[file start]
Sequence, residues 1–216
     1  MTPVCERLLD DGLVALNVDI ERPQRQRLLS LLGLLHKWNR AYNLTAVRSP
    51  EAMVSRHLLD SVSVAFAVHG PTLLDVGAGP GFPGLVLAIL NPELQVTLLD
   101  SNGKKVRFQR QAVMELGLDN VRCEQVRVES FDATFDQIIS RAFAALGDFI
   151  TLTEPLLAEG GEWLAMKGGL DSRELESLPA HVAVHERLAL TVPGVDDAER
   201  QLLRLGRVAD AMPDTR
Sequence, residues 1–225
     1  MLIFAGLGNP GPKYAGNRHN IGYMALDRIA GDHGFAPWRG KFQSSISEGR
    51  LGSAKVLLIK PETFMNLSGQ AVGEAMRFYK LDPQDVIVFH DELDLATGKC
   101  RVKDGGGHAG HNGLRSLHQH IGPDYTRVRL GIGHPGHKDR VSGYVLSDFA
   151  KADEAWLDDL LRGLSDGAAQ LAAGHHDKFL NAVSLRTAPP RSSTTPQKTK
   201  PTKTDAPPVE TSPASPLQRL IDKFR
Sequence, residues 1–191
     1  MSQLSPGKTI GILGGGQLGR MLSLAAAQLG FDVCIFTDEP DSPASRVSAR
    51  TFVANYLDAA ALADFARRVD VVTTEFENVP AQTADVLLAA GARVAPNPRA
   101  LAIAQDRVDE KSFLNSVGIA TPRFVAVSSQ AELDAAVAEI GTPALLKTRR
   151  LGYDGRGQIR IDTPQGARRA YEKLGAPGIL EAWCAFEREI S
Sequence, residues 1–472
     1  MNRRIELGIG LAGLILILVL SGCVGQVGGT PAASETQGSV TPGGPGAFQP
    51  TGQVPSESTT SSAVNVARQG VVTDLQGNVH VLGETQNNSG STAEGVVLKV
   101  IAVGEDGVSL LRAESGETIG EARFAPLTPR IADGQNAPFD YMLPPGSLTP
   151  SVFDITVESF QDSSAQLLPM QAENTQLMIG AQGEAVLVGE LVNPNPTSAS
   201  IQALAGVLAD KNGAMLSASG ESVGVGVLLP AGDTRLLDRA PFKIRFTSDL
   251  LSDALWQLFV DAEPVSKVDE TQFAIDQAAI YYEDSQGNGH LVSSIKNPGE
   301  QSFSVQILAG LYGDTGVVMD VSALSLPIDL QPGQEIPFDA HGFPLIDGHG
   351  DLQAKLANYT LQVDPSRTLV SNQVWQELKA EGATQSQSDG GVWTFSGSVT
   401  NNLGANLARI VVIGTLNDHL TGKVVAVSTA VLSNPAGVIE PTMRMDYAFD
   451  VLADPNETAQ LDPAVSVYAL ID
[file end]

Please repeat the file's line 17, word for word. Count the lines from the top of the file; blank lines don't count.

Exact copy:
   151  LGYDGRGQIR IDTPQGARRA YEKLGAPGIL EAWCAFEREI S